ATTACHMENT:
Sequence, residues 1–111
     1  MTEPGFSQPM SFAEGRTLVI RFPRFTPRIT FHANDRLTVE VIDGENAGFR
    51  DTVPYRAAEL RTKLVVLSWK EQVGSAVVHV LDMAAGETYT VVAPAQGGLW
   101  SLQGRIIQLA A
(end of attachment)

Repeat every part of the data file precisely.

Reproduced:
Sequence, residues 1–111
     1  MTEPGFSQPM SFAEGRTLVI RFPRFTPRIT FHANDRLTVE VIDGENAGFR
    51  DTVPYRAAEL RTKLVVLSWK EQVGSAVVHV LDMAAGETYT VVAPAQGGLW
   101  SLQGRIIQLA A